Wednesday, May 18, 2016

"with all the power of my praise"


"Bernie Sanders Wins Oregon; Hillary Clinton Declares Victory in Kentucky" -- (New York Times headline)

3 Reader Comments,

Ellen Liversidge    San Diego  CA
...This is a year of insurgency, as working and middle class voters seek to upset the politics of the establishment parties, sensing clearly that neither party represents their economic interests; rather they represent those who have "made it."  The country must figure out a way to speak for, and represent, the common good.

DPC    Culver City, CA
Just imagine how big the margins of Sanders victories would have been had independents been able to vote in these two primaries.  His performance today, without the benefit of independents, was quite remarkable.

Cindy    Montana
Bernie Sanders just won another state!

Hillary Clinton has an almost insurmountable lead in delegates.

Bernie Sanders just won another state!




In Writing to Learn, William Zinsser identifies three qualities that gave the writing of music critic Virgil Thomson "unusual strength" --

1.  he was fearless

2.  he was not a snob

3.  his writing style conveyed great enjoyment.

-------------------------- [excerpt] -------------------------- But who was he?  I got a chance to find out in 1948 when I became drama editor of the Herald Tribune, responsible for the Sunday section that included theater, movies, music, dance, art and, eventually, an upstart medium called television.  It was a perfect spot for Thomson-watching...

First, he was fearless.  During Virgil Thomson's tenure no sacred cow could safely graze. 

He had the most impressive enemies of any critic in town -- the board  members and managers who ran establishment organizations like the New York Philharmonic, which had become parochial and smug. 

When Artur Rodzinski resigned as the Philharmonic's conductor, alleging interference by its autocratic manager, Arthur Judson, who was also president of Columbia Concerts, a firm that sold soloists to the orchestra he was manager of, Thomson wrote a strong column condemning the conflict of interest. 

Judson replied that he was "now more than ever" Thomson's enemy and "would remain so."  Thomson took this as good news; he said he saw it as his duty to expose the "manipulators" who controlled the musical scene and "to support with all the power of my praise every artist, composer, group or impresario whose relation to music was based only on music and the sound it makes."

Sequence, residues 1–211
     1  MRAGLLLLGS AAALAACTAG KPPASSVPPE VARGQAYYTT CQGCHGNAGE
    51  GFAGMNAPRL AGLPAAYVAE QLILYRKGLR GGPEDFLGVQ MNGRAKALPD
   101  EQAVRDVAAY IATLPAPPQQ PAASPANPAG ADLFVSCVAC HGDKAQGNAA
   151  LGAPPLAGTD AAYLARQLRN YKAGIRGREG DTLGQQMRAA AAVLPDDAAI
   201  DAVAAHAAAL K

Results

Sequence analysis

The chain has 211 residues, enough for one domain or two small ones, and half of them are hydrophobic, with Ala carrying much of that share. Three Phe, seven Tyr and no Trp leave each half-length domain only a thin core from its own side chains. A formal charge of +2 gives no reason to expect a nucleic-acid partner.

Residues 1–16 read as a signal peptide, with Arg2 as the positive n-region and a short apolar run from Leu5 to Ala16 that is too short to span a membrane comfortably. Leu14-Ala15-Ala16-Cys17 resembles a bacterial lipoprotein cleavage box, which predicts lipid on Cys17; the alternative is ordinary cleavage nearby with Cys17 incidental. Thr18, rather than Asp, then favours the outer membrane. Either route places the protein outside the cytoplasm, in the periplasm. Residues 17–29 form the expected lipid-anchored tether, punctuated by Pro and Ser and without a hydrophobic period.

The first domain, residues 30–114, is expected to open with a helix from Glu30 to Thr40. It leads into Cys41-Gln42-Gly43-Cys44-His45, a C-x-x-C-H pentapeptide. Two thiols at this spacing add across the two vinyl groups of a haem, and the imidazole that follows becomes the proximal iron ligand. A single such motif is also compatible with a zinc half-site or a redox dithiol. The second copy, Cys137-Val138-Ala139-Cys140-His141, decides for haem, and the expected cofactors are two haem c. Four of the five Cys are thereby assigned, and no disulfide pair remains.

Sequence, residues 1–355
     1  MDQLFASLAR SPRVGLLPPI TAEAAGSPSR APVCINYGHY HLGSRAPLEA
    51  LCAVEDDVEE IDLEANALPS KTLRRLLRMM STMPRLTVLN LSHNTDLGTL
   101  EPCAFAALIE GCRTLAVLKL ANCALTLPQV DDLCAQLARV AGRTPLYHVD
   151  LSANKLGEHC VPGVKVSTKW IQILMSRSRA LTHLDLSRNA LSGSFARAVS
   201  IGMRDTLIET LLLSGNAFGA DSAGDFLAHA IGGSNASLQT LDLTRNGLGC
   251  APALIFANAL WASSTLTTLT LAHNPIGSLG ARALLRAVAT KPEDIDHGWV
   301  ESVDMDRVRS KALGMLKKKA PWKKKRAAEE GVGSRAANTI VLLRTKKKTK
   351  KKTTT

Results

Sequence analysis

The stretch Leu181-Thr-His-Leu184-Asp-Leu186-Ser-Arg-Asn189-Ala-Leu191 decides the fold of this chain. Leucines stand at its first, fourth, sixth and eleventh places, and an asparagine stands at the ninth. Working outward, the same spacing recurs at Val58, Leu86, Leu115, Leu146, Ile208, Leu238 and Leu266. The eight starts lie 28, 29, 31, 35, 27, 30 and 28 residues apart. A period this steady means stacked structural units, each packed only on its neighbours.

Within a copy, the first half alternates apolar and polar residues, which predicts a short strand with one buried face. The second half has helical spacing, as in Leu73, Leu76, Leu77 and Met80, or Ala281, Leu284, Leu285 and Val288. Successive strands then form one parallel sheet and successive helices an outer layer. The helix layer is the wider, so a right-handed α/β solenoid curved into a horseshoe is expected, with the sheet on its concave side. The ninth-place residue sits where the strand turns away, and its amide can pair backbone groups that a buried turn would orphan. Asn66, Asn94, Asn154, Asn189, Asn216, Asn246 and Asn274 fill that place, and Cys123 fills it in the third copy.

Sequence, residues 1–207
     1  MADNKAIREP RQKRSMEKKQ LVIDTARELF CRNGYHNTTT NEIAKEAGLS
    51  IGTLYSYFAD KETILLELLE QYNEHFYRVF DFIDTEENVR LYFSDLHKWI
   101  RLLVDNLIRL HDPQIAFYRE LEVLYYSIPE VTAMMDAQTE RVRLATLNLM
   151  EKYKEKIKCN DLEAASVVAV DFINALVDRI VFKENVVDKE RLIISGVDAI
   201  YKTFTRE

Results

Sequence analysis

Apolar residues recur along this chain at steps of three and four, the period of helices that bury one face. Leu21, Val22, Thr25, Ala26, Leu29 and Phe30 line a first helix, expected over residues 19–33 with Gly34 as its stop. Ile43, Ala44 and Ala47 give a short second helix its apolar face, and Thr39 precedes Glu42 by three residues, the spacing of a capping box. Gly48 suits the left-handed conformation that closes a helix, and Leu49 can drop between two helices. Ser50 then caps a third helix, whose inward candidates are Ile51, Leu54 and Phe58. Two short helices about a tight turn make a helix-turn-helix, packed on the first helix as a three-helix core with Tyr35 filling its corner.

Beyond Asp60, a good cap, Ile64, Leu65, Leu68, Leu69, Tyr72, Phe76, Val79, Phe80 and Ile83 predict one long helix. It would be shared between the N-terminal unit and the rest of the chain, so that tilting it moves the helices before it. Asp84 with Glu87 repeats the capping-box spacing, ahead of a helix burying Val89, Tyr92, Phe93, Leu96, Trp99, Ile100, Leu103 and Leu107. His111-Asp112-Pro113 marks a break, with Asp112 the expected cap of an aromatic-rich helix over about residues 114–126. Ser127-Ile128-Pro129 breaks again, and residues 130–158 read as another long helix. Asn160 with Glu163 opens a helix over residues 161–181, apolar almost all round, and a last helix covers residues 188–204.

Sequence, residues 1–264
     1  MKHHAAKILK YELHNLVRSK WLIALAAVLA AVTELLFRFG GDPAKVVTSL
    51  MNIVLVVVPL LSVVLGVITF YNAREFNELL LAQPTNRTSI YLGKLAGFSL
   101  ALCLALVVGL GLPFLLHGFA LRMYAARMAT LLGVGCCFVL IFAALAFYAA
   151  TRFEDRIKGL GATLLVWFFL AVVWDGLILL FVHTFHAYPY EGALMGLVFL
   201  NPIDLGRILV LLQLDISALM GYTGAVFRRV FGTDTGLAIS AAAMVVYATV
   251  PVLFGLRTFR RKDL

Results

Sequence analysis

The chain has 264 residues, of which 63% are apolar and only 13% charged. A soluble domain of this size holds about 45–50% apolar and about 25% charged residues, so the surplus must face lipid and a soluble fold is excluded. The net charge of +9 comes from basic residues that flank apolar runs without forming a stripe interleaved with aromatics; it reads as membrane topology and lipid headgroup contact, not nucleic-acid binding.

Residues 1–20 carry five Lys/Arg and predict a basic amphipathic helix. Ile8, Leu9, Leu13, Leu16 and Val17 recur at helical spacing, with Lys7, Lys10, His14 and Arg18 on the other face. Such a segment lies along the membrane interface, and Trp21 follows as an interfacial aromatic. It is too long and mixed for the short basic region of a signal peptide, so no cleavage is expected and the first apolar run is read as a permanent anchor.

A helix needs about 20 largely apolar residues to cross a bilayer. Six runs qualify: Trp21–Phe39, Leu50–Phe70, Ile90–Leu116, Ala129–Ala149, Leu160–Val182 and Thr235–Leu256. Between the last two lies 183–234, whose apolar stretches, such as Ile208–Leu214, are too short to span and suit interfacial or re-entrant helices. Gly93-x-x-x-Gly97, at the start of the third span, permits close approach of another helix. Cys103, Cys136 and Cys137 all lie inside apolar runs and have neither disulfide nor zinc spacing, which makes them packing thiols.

To lob such a well-aimed grenade over the crenellated walls of the Philharmonic

might seem satisfaction enough for one twelve-month period.  But Thomson ended that same year with a scuffle that was no less piquant.  Describing it some years later in his autobiography, Virgil Thomson, he wrote:

>>>>>>>>>>>> In November the Pope's encyclical on art and music, Mediator Dei, had been published in Rome, and our bureau chief sent it to me. 

It encouraged the liturgical use of modern styles in both music and art. 

Naturally I wrote about it, translating from an Italian text such passages as dealt specifically with music. 

A flurry of querulous letters from priests editing Catholic papers hinted that the American clergy would have liked to bury the encyclical. 

And that is what their papers eventually did. 

I remembered that the American bishops had waited twenty years to implement the century's earlier encyclical about music, Pius X's Motu Proprio, of 1903. 

If now they showed a similar reluctance, that need not surprise.  Nor need it stop my cheering.  The Pope was news; modern music was my faith; their union was almost too good to believe.
<<<<<<<<<<<<<<<<< [end, autobiography excerpt]

Any critic who opens hostilities on both the New York Philharmonic and the Catholic Church in one year is not a man suffering from a failure of nerve. ---------------------- [end Zinsser excerpt, 1988; Harper & Row] ---------------